Ontario Proposes landfill gas collection and control regulation.

Status: EBR notice EBR# 010-3086

To reduce GHG emissions, Ontario is proposing to amend Reg. 347 and O. Reg. 232/98 (EPA) to require landfill gas collection and use, or flaring for all operating and proposed new or expanding landfills with total waste disposal capacity greater than 1.5 million m3. Municipalities fear that regulatory requirement means reductions will not be eligible for tradable carbon credits.

Ontario guidelines to identify, assess and manage contaminated sediments.

Status: EBR notice EBR# 010-1475

This guideline incorporates a revised approach for assessing contaminated sediment and replaces existing MOE sediment guidelines and evaluation techniques.

Ontario proposes waste electrical and electronic equipment (WEEE) diversion program.

Status: Policy proposal and draft regulation posted for 30-day public review April 9, 2008
EBR# 010-3125

Waste Diversion Ontario has proposed an industry-funded and operated program (managed by Ontario Electronic Stewardship (OES)), to divert WEEE through 3Rs approaches. Phase 1 targets desktop and portable computers, monitors, printers and televisions from residential and IC&I sources. OES will contract a network of collection sites and transportation between sites and processors, with incentives for stewards that offer take-back and other diversion services.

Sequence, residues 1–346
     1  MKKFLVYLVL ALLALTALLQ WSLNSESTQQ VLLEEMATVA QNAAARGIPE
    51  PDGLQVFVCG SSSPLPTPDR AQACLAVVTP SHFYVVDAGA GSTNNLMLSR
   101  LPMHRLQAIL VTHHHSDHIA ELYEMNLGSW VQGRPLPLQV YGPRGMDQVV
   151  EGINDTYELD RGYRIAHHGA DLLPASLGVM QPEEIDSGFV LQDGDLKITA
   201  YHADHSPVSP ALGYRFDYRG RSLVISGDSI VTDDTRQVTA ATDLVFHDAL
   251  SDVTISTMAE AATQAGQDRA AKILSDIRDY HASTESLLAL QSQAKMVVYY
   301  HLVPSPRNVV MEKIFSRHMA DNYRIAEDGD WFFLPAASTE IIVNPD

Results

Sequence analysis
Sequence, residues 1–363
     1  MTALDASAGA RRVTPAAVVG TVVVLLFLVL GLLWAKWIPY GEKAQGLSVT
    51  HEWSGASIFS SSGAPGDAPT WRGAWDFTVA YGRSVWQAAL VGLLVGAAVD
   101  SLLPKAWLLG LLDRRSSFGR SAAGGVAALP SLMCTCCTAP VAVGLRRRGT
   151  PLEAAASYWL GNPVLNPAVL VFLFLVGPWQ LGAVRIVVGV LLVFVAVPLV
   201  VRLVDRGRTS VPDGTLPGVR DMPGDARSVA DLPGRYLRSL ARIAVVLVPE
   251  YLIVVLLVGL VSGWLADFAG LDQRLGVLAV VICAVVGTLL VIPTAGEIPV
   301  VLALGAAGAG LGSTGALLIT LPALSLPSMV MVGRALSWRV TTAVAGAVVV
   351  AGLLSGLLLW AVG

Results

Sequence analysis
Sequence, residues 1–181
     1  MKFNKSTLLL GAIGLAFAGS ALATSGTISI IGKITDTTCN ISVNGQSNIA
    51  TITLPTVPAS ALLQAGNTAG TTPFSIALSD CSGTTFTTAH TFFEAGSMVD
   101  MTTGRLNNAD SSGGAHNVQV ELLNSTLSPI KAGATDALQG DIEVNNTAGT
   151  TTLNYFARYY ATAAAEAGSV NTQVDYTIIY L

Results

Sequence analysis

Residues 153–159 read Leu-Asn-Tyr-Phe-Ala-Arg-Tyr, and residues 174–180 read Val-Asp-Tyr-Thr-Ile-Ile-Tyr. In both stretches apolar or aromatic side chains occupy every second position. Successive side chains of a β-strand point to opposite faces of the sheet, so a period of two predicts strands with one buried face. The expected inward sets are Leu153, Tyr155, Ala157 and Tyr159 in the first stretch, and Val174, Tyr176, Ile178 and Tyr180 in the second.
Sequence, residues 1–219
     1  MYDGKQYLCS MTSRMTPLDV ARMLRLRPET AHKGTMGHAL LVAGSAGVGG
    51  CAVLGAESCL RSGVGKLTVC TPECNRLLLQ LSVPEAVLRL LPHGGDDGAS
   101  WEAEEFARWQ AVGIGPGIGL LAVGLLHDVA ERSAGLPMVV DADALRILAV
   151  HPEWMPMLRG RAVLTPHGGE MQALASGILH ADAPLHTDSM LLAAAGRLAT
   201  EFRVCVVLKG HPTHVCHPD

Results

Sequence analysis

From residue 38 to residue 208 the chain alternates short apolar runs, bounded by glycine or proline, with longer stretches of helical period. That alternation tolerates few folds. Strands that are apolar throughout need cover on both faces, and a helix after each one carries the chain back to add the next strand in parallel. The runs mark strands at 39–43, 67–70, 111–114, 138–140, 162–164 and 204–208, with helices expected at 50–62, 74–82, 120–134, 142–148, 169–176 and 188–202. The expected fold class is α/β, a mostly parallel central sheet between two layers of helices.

Ontario regulation imposes PTTW and user fees for industrial and commercial consumptive water takings.

Status: EBR Notices EBR# 010-3137 and 010-3135

Under O. Reg. 450/07, MOE has imposed minimal fees ($3.71 per million litres) for Phase 1 industrial and commercial water takers that incorporate water into their products (i.e., water bottlers, fruit and vegetable canners, beverage makers, etc.). In addition, grandfathered Phase 1 water takers are now required to apply for a Permit To Take Water (PTTW) by June 30, 2008.

CCME Canadian soil quality guidelines for potential carcinogens and other PAHs.

Status: Available www.ccme.ca/whatsnew/

This scientific supporting document provides background for soil quality guidelines for PAHs in agricultural, residential/parkland, commercial, and industrial land use scenarios.

CCME National Classification System for Contaminated Sites.

Status: Available on-line at www.ccme.ca

First released in 1992, the guidance document (PN 1403) has been revised to reflect increased knowledge about risk assessment techniques for screening and setting remediation priorities for contaminated sites.

The content of this article is intended to provide a general guide to the subject matter. Specialist advice should be sought about your specific circumstances.